The Marine Corps has granted two religious waivers for the COVID-19 vaccine, making it the first branch to do so.
On Wednesday, two of 3,212 requests for religious waivers were granted for the vaccine, which all active-duty Marines were required to receive by Nov. 28.
The religious waivers are not only the first to be given by the military for the COVID-19 vaccine, but also the first religious waiver for a vaccine the Marine Corps has given in at least 10 years.
The Marine Corps has received 3,350 applications for the COVID-19 vaccine and has processed a total of 3,212.
“Due to privacy concerns, we are unable to discuss the details of individual requests,” said Capt. Andrew Wood in an email from Thursday.
Religious exemptions go through a long series of assessments before a final decision is made, Wood said.
The initial request will be reviewed by the first lieutenant colonel commander, the colonel commander and the commanding general in the requesting Marine’s chain of command before being sent to the deputy commander for manpower and reserves, Wood said.
Within Manpower and Reserve Affairs, a three-person panel reviews each request before making a recommendation to the Deputy Commander.
If the request is denied, the Marine who initially made the request has the right to appeal to the Assistant Commander of the Marine Corps, who will then personally review each appeal before making a final decision.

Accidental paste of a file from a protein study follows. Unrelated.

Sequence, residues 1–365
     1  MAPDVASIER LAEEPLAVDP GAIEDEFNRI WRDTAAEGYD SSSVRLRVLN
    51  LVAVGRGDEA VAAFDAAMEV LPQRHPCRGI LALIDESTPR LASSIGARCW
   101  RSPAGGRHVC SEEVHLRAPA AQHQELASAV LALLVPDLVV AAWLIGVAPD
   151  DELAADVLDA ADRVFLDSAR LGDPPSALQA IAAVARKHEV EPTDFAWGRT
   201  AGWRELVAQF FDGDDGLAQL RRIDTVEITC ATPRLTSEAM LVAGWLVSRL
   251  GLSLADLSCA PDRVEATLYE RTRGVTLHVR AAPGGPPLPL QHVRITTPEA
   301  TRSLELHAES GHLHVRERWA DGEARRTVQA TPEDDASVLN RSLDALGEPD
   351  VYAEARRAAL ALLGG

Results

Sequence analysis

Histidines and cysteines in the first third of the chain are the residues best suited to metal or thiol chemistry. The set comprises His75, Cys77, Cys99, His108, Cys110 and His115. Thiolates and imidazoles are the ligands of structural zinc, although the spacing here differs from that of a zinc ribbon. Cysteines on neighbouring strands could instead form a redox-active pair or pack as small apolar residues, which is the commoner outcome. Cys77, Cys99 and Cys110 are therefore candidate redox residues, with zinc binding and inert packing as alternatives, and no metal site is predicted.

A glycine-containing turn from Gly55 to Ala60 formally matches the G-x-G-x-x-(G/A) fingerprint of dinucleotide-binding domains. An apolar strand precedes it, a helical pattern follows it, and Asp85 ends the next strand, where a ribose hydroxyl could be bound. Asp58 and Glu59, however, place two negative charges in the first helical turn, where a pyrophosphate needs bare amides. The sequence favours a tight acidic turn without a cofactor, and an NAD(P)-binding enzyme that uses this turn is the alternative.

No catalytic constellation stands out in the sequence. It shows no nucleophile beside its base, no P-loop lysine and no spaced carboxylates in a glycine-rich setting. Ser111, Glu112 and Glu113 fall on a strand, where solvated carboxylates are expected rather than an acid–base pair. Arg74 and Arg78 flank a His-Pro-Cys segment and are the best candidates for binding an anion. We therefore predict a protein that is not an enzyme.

“At every step, every housing request takes into account the facts and circumstances submitted in the request. In any case, each reviewer weighs the imperative government interest against the individual’s request and the circumstances of his situation,” Wood said in a statement.
Wood added: “The Marine Corps has a compelling government interest in accomplishing missions at the individual, unit and organizational levels. The necessary elements to accomplish a mission include: (1) military readiness; (2) unit cohesion; (3) good order and discipline; and (4) health and safety. The arbitration authorities are paying particular attention to how the determinations of religious accommodation requests will affect the ability of the Marines and the unit to accomplish the mission, and are considering the least restrictive means of furthering that imperative government interest.”
The Marine Corps is the least vaccinated force in the Defense Department since the first vaccine mandates were sent.
Commander of the Marine Corps, General David Berger, attributed the hesitation to misinformation on the Internet when he spoke in early November.
“You have to ask each individual Marine why,” Berger said: on November 4 at the Aspen Security Forum.
“But I think we’re being challenged by misinformation… that’s still swirling around about where it originated, how this vaccine was approved, is it safe, is it ethical – anything that’s floating around on the internet and they see everything they read all that,” the commander added.
As of Wednesday, 97% of the active duty corps have been partially or fully vaccinated, while 87% of marine reserves have been fully or partially vaccinated.
All Marines who do not receive a religious, administrative, or medical exemption from the vaccine will be separated from the Marine Corps, although the language in the National Defense Authorization Act of 2022 ensures those Marines receive either an honorable or general discharge on honorable terms.
Most medical or administrative exemptions are temporary, Wood said in an email. So far, 943 Marines have approved administrative or medical exemptions.